Neeraj Chopra’s German coach reportedly criticised the preparations for the Olympics, questioning both the facilities and the lack of proper nutrition for the athletes before the games. Chopra and Bindra, the only two individual gold medallists have both trained abroad and the pattern is the same for elite individual athletes depending on sponsors. For those who can’t afford it, competing in top events exposes the world class facilities that they are deprived off.

An elusive change

Fortunately, this time numbers due to COVID-19 were restricted, else it is anyone’s guess as to how many officials would have landed up in Tokyo. During the opening ceremony of the games, broadcaster Sony TV cut to a bigger box of sports minister Anurag Thakur while the viewers were left scrambling trying to spot the Indian contingent.

Till the time the politicians don’t realise that they are not doing our athletes a favour, change will remain as elusive as a gold medal.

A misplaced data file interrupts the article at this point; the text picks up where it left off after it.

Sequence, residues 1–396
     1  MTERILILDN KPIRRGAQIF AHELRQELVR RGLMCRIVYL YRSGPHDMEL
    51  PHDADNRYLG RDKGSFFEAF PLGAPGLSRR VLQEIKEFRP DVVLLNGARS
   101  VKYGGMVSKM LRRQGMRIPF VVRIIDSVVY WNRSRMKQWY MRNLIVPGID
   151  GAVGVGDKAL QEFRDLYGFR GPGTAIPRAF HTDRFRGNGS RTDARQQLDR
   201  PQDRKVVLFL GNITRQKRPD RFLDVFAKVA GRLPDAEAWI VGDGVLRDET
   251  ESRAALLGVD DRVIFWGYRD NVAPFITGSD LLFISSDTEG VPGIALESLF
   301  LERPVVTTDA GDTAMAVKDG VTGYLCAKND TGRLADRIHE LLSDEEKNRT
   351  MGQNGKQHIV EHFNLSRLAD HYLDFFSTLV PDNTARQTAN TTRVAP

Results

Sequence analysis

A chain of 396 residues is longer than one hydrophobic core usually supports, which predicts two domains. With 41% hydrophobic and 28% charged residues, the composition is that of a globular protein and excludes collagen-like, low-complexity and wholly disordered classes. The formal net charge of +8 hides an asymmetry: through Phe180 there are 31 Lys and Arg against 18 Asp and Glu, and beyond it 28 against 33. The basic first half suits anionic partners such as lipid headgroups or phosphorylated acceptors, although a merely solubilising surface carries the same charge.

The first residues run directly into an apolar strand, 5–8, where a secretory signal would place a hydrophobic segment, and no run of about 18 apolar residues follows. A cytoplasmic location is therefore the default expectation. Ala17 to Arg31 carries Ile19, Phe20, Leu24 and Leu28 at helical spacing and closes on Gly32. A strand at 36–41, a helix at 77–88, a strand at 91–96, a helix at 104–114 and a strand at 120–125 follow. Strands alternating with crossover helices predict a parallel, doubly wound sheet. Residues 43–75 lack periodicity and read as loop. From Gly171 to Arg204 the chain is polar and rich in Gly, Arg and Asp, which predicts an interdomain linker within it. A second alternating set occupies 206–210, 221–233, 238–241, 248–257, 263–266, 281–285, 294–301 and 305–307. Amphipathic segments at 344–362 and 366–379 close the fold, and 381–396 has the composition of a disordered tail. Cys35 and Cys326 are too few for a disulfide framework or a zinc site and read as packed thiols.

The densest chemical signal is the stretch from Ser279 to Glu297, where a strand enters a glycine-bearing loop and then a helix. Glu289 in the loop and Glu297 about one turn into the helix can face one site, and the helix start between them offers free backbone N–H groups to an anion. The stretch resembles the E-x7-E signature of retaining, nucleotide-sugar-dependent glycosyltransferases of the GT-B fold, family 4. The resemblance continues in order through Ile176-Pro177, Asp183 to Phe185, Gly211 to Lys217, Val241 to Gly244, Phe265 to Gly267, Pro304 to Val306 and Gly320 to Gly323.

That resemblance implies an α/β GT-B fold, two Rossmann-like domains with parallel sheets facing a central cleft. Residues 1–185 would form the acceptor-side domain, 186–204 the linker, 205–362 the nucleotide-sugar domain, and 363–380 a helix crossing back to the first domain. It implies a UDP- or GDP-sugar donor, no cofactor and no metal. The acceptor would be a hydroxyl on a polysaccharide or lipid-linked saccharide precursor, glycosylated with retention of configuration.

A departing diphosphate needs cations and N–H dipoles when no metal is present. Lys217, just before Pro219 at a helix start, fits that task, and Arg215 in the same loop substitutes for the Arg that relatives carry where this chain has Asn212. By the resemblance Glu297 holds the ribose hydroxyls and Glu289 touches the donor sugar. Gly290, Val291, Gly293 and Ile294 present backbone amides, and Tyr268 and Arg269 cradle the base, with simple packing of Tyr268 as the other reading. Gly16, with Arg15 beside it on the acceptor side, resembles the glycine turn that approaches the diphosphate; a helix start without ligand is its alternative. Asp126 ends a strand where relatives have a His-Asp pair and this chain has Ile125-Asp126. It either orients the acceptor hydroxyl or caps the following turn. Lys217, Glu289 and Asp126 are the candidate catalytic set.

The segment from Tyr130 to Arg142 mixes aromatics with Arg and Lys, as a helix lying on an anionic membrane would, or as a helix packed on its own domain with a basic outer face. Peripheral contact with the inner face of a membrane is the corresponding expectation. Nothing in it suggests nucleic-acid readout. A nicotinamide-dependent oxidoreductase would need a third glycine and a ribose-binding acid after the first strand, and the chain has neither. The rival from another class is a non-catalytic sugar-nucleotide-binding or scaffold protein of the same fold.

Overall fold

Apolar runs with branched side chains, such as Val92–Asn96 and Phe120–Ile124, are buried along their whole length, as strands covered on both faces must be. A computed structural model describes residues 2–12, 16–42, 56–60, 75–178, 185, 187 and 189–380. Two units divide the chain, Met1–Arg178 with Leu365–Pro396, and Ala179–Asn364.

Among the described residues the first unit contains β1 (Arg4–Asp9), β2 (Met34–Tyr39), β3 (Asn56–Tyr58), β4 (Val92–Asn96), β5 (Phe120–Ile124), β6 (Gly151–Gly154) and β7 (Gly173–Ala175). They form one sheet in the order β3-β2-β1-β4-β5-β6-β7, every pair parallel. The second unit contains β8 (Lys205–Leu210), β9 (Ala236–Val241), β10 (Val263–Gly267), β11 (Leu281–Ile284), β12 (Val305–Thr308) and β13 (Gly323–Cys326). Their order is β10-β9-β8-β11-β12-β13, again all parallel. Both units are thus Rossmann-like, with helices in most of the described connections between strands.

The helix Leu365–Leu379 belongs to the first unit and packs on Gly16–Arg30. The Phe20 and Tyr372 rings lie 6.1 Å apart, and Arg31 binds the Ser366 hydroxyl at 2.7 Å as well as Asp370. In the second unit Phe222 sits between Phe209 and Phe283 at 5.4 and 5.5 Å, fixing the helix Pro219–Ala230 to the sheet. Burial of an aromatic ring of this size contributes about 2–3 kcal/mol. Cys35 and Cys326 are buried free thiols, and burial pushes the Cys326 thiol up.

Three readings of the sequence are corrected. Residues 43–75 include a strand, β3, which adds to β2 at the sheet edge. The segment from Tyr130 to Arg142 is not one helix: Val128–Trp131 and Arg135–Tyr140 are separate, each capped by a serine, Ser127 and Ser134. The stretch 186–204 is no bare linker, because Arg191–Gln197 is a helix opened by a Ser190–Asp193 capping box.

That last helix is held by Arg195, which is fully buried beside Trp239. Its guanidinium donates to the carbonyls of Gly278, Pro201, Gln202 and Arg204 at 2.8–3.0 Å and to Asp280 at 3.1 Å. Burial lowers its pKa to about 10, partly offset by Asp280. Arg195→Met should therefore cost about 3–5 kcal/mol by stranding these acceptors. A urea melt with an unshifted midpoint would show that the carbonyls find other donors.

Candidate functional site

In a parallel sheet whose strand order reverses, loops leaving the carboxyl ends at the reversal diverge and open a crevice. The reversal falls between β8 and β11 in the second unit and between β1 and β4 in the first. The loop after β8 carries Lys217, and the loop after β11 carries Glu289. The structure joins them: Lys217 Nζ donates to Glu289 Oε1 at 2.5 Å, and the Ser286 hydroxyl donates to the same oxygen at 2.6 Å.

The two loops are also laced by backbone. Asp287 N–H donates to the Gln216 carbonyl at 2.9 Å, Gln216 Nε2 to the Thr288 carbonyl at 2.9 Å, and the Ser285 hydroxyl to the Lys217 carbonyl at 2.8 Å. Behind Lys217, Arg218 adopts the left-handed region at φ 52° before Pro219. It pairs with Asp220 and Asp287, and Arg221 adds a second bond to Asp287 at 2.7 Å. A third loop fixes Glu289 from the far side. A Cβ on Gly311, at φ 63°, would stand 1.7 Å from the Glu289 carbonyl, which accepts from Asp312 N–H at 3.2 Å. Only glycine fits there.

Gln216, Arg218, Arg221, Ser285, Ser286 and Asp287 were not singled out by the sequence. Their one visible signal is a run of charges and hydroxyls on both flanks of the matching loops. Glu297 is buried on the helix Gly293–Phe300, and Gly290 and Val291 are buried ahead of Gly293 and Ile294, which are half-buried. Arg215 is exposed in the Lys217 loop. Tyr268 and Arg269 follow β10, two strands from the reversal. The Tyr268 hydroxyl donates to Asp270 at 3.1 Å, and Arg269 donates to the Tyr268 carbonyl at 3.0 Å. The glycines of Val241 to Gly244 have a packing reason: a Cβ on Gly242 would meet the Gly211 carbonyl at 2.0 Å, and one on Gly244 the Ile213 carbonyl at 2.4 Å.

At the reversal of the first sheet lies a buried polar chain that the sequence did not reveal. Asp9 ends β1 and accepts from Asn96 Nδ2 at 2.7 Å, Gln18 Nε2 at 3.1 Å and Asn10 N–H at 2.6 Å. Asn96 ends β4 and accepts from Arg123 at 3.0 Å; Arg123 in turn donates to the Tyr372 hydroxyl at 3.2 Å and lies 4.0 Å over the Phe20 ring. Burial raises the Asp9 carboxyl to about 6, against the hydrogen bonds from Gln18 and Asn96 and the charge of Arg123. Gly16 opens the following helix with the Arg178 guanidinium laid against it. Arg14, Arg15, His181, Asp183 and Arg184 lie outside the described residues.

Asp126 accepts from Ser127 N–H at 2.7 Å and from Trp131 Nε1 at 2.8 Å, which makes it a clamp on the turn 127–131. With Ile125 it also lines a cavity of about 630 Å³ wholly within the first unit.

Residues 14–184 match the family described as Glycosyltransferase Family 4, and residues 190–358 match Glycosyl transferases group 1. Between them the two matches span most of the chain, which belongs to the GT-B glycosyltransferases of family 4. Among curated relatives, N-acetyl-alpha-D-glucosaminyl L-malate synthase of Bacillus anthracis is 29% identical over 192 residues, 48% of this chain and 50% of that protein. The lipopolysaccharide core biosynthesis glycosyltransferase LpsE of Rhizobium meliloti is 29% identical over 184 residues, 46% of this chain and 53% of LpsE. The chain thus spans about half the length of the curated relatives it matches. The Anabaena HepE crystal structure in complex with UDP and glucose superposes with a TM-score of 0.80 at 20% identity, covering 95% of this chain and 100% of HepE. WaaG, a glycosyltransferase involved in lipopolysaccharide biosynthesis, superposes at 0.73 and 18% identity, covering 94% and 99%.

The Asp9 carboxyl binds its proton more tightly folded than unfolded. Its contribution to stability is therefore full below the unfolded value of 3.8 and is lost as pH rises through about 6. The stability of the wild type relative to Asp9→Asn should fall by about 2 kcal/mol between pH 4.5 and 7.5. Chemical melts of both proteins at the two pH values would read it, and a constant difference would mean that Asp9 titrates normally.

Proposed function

Shortly after the fiasco in shooting, Raninder Singh, president of the National Rifle Association of India and son of Punjab chief minister Amarinder Singh publicly promised an overhaul of the coaching and support staff. But after two disastrous Olympics, shouldn’t Raninder Singh himself resign?

In search of rankings whether it was shooting or archery, why was quality dispensed for quantity of foreign tours giving false hope to a country whose fans can be shallow and shrill. Anjum Moudgil had to post a public apology on behalf of the shooters after the trolling on their performance went out of control.

For years, Indian hockey suffered because officials clung to their obduracy in resisting foreign coaches or adapting to the physicality and financial cost of AstroTurf. Tokyo is a turning point, both the men and women’s teams have dredged Indian hockey out, one dribble at a time from the burden of past glory. It’s been a long time coming but the future is promising.

Rural India, new talent hotspot

But in rural India which is now the bastion for sports like wrestling, boxing, weightlifting and hockey, the fight may not always be about talent, it is also about survival. Many of our girls at Tokyo found in sport an escape from the horrors of poverty and patriarchy. Most of our athletes today are from middle class or lower class, and their aspirations for a better tomorrow is the real fire in the belly. Becoming a champion may sometimes be a bonus.